It's often said that when it comes to earnings season, Mr. Market is looking forward. That was most certainly not the case when Trex (NYSE:TREX) reported earnings for the first quarter on May 5. Even though the company projected 27% sales growth for the second quarter and announced that its new, yet-unidentified product for a brand-new market would add to this year's earnings, the market sold off like crazy, sending shares down almost 10%.
Let's take a closer look at Trex's earnings, because there's a lesson investors can learn about the value of understanding the business behind the ticker.
Life's certainties: Weather and taxes
Trex missed revenue projections by about $7 million in the quarter, leading to a 7% decline versus 2013. The company also saw net income fall more than $9 million from a year ago -- a 57% decline. However, in the right context, these numbers aren't anywhere near as bad as they seem on the surface.
- The tax rate in 2013 was less than 1% because of tax benefits. In 2014, it was 37%. This alone accounted for $7 million -- or 78% -- of the difference in net income.
- Orders from late February through March -- the early building season in parts of the country that experienced terrible weather -- fell 27%. Orders have already rebounded enough that management forecasts 27% growth in Q2.
Simply put, the weather in early 2014 had a material impact on a lot of businesses, and companies like Trex rely to some extent on good weather. In fairness, we heard a similar song and dance after last year's second quarter, when management blamed a rainy early building season in the East for its earnings miss. However, there is one big difference between this year's first quarter and last year's second quarter: the company's guidance for the next quarter.
In 2013, management called for the next quarter's sales to be flat, with perhaps a 2% increase. This year, as I mentioned, Trex's management team is projecting a strong second quarter, with 27% growth versus last year.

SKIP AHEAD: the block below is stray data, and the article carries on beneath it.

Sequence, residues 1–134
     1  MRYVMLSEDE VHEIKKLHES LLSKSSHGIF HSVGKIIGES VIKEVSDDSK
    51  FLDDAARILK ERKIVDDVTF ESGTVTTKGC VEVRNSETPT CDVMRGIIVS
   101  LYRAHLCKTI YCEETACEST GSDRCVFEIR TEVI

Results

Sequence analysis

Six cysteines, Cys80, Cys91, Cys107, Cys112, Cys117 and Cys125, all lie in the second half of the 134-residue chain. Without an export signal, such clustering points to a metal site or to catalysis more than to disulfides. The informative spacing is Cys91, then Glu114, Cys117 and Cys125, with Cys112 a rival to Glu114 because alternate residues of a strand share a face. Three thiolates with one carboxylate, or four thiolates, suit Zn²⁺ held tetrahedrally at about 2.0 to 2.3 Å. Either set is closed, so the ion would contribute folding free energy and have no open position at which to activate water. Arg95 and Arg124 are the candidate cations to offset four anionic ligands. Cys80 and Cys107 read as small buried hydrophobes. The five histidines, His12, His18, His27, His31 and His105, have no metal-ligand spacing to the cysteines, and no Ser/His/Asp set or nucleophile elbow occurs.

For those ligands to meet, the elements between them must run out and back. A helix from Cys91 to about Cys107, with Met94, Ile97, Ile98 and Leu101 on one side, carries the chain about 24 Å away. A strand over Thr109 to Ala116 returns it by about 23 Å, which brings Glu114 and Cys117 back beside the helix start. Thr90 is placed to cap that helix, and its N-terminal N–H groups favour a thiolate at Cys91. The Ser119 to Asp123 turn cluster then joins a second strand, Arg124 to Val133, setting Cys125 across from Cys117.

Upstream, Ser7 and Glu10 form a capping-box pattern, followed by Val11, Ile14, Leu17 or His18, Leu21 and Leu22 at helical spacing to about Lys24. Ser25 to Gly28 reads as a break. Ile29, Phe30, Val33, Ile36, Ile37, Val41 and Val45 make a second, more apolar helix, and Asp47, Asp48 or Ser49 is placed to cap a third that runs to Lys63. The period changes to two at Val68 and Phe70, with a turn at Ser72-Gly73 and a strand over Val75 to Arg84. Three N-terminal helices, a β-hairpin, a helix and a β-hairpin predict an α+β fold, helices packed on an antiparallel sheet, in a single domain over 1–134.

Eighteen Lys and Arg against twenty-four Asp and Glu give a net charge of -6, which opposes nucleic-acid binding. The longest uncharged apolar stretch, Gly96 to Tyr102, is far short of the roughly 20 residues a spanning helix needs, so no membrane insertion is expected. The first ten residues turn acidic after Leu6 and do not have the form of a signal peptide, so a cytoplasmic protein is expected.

It's not "diworsification" -- it's widening the moat
CEO Ron Kaplan also confirmed on the earnings call that Trex's expansion into a new market would add to the company's business results in 2014. What should investors think about this expansion out of building products?
Famed investor Peter Lynch warned investors away from companies that practice "diworsification" -- i.e., expanding into new businesses in pursuit of growth, to the detriment of the core business. However, that's clearly not what is happening with Trex. While it's easy to look at Trex on the surface and think, "This is a company in the building products business," stopping there ignores what its real strength is: materials processing.
Trex's entire competitive advantage is built on the company's innovative and proprietary technology for extrusion of a recycled plastic material. That's what gives it the competitive moat that investors like Warren Buffett like to see. Trex is taking its core strengths and leveraging them in a way that will not only lead to growth, but will also shift Trex's business exposure away from the seasonally lumpy, and the "boom and bust" cyclical nature of the housing industry.
There's nothing worse for a manufacturing business than lumpy demand and seasonality. Ideally, being able to consistently run a plant at maximum capacity way will mean several things:
- It's easier to manage input costs and not under- or oversupply raw materials.
- It's easier to manage labor costs and not end up with too much labor or run overtime to meet demand.
- Requiring higher capacity for seasonal peaks means there are times of the year when you're under capacity.
In short, all of these things can lead to additional expenses, higher fixed costs than are ideal, and eventually quality problems during peak demand. Smooth, predictable demand adds dollars back to the bottom line by smoothing the lumps out. Expanding into a new industry -- leveraging core strengths -- helps Trex get there.
Final thoughts: Know what you own
Thinking of stocks as charts on a screen, rather than part-ownership in a real company, probably led a number of investors to sell Trex after its earnings report despite all of the positive signs for growth in coming years. For investors who take the time to understand what's going on with the business, sell-offs like this one present an interesting opportunity to buy a better business for a lower price.
Is Trex the right company for your portfolio? Do a little research. I think you'll like what you learn.
Jason Hall owns shares of Trex. The Motley Fool recommends and owns shares of Trex. Try any of our Foolish newsletter services free for 30 days. We Fools don't all hold the same opinions, but we all believe that considering a diverse range of insights makes us better investors. The Motley Fool has a disclosure policy.